Moreover, just in case someone obtains the person's passwords, using two-factor authentication (2FA) will still prevent other people from controlling user's accounts.
If the password is involved in a breach that Google is aware of, the extension issues a warning to let you know that resetting the password is recommended, thus making sure that hackers wouldn't get access to your data. Consider using a password manager, like the one built into your Chrome browser, to help you safeguard and keep track of all the passwords for your different online accounts. Google, too, has seen such attacks, reporting to have blocked attacks on almost 110 million users in the past with the same database of four billion leaked credentials that it's now using to power the Password Checkup tool. "We also launched our Digital Wellbeing app that helps users understand their online habits so that technology can help them rather than hinder them in their daily lives", adds Mgwili-Sibanda. With this new Chrome extension the company aims to keep the Google Accounts safe by proactively detecting and responding to security threats.
One of the most common problems is a password breach.
According to Google, the extension doesn't check individual usernames and passwords, but both items at the same time, as a combo. But again, a majority (33%) of people have never used an online tool such as Google Security Checkup to review their online security settings, with another 13% only referring to them less than every 6 months. "For example, we notify you when you've granted access to third-party sites or apps, but it's really important for you to understand the information that you share with these apps or sites".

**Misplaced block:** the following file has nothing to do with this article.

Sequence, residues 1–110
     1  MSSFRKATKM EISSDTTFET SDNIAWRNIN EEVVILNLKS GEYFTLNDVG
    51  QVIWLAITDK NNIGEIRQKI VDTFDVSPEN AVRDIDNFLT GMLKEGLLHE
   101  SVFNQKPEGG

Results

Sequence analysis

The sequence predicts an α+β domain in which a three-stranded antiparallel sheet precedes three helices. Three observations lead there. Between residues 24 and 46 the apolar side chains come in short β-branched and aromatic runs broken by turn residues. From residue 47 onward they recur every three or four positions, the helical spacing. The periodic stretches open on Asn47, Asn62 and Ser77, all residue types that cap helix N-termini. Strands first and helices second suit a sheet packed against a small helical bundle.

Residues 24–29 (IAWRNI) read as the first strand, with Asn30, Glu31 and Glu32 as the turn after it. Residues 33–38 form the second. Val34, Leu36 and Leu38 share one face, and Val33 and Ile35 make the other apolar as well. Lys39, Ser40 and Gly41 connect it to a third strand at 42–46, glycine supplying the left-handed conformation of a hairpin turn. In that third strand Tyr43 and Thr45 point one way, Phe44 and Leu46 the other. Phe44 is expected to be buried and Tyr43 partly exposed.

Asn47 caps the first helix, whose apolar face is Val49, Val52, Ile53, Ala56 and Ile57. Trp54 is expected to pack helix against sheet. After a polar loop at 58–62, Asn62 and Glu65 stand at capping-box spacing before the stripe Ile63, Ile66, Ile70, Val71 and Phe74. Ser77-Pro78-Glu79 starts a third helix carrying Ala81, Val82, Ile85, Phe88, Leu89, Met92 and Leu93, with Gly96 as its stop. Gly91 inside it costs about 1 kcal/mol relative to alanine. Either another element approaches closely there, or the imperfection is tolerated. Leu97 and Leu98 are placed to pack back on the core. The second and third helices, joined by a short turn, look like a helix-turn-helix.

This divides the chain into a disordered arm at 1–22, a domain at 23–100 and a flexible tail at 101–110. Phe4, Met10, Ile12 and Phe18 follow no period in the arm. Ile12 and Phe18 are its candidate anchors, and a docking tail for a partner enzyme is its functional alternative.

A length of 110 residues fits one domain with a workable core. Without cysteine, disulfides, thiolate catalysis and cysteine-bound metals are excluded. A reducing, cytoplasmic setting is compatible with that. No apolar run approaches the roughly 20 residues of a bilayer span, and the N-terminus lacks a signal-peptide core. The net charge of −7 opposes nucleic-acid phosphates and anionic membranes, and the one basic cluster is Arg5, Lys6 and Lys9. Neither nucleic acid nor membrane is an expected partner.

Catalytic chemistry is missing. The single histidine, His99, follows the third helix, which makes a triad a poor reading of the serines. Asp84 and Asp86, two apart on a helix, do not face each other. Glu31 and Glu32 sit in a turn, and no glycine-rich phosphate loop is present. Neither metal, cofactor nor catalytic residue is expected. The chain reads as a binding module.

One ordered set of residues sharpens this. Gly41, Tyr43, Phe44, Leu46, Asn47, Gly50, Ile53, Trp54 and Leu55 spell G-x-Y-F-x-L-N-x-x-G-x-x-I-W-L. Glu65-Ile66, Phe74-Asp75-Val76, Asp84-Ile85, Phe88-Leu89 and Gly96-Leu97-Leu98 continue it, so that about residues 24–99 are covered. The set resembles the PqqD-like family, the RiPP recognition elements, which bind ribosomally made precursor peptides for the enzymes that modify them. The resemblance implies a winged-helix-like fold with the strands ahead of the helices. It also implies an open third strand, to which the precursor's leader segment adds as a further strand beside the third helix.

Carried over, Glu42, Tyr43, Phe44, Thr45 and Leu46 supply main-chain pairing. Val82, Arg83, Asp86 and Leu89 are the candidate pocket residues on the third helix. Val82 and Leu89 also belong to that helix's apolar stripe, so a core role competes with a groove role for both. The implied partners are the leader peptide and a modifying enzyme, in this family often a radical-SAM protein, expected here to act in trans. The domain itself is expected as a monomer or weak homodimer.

With it, Google will tell apps and sites that have implemented the login option that an account was hijacked. A new tool called Cross Account Protection will trigger notifications for security events like account hijacking so that you can be better protected. Further technical details about Password Checkup can be found on the Google Security Blog.
"Your privacy and security is of the utmost importance", says Kurt Thomas, security and anti-abuse research scientist at Google. We only share basic information about the event, like whether your account was hijacked, or if we forced you to log back in because of suspicious activity.